"I Felt Guilty for Being Somewhat Sheltered from the Barrage of News" - 28/04/2020
"We had just finished setting up and securing the scientific equipment in the main lab of RV Ronald Brown when we found out that our research cruise to the South Atlantic had been cancelled", Channing Prend, a graduate student in the laboratory of Scripps physical oceanographer Lynne Talley, writes on his blog. "The ship was being recalled to the U.S. by the National Oceanic and Atmospheric Administration due to growing concerns about the COVID-19 pandemic. The news came mere days before we were scheduled to set sail after all scientific personnel had already arrived at the port in Cape Town, South Africa.
"The decision to call off the expedition was understandable given all the uncertainty in the world right now, but it came at the cost of irreplaceable data, which would have helped quantify decades-long changes in the heat and carbon storage capacity of the deep ocean", he continues. "While our original science plan would not see completion, the captain agreed to a slight detour to deploy six autonomous biogeochemical profiling floats as part of the Southern Ocean Carbon and Climate Observations and Modeling (SOCCOM) project."
"I Felt Guilty for Being Somewhat Sheltered"
"As we prepared to deploy the floats amidst news about shelter-in-place policies being enacted and exponential increases in the number of COVID-19 cases and deaths, I struggled with the appropriateness of conducting fieldwork under these circumstances. It seemed frivolous to worry about float deployments given the challenges facing those back on land, and I felt guilty for being somewhat sheltered from the barrage of news, due to the ship’s limited bandwidth.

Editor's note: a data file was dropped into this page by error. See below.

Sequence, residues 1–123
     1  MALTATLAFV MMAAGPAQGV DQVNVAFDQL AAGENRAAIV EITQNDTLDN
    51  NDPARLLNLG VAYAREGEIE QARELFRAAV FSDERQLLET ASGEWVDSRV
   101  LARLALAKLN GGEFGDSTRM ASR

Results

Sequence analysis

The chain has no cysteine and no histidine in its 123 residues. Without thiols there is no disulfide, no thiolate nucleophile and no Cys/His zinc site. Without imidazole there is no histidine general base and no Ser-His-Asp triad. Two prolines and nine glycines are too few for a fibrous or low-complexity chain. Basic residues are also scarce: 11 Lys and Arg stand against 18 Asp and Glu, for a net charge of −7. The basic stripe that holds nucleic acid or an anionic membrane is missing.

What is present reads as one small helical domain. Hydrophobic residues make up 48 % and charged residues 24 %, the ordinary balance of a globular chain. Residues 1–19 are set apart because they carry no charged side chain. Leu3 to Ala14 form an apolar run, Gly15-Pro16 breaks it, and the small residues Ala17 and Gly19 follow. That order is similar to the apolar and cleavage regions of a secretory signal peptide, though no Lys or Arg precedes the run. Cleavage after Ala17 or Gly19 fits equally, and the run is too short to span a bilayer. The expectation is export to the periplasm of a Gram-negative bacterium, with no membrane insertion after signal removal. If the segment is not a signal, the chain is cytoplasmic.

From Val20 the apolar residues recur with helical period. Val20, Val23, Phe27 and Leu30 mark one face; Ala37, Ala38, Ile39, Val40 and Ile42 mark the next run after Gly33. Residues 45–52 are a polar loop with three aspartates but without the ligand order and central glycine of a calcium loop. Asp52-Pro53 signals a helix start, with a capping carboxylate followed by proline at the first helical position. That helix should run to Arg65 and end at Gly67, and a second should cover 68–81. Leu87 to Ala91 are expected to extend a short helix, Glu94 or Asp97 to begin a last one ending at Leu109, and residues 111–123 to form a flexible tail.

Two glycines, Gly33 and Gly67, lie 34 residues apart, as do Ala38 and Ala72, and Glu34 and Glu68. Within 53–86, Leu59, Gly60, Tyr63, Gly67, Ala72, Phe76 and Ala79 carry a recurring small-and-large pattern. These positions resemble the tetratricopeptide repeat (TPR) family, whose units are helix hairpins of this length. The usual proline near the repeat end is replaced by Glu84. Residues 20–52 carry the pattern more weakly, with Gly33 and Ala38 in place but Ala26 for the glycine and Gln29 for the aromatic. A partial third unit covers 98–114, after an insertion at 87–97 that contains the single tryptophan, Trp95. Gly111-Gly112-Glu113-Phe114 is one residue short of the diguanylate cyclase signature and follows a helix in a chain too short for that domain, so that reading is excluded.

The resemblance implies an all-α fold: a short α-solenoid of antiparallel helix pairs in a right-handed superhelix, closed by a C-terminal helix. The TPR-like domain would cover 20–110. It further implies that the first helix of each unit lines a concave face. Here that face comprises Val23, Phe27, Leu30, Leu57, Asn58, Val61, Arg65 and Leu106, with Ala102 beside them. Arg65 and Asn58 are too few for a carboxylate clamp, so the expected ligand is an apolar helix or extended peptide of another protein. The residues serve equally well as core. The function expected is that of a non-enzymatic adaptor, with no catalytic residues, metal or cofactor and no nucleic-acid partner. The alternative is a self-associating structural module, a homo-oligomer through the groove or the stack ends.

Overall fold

"But I have come to think that now, more than ever, our society needs science and science-based policy", Channing writes. "The data collected by these devices will provide new information about the role of the ocean in the climate system, and in doing so, ultimately contribute to a better world. When viewed through that lens, our science mission took on a whole new urgency."
Read Channing's full story here. Caption: A biogeochemical Argo float deployed in the Southern Ocean (Channing Prend).
About the SOCCOM Project
The Southern Ocean Carbon and Climate Observations and Modeling project (SOCCOM) is an NSF-sponsored programme focused on unlocking the mysteries of the Southern Ocean and determining its influence on climate. Housed at Princeton University and administered by the Princeton Environmental Institute, SOCCOM draws on the strengths of teams of investigators across the U.S. as well as participating in international observational and simulation efforts. SOCCOM’s mission is to drive a transformative shift in the scientific and public understanding of the role of the vast Southern Ocean in climate change and biogeochemistry.Last updated: 30/04/2020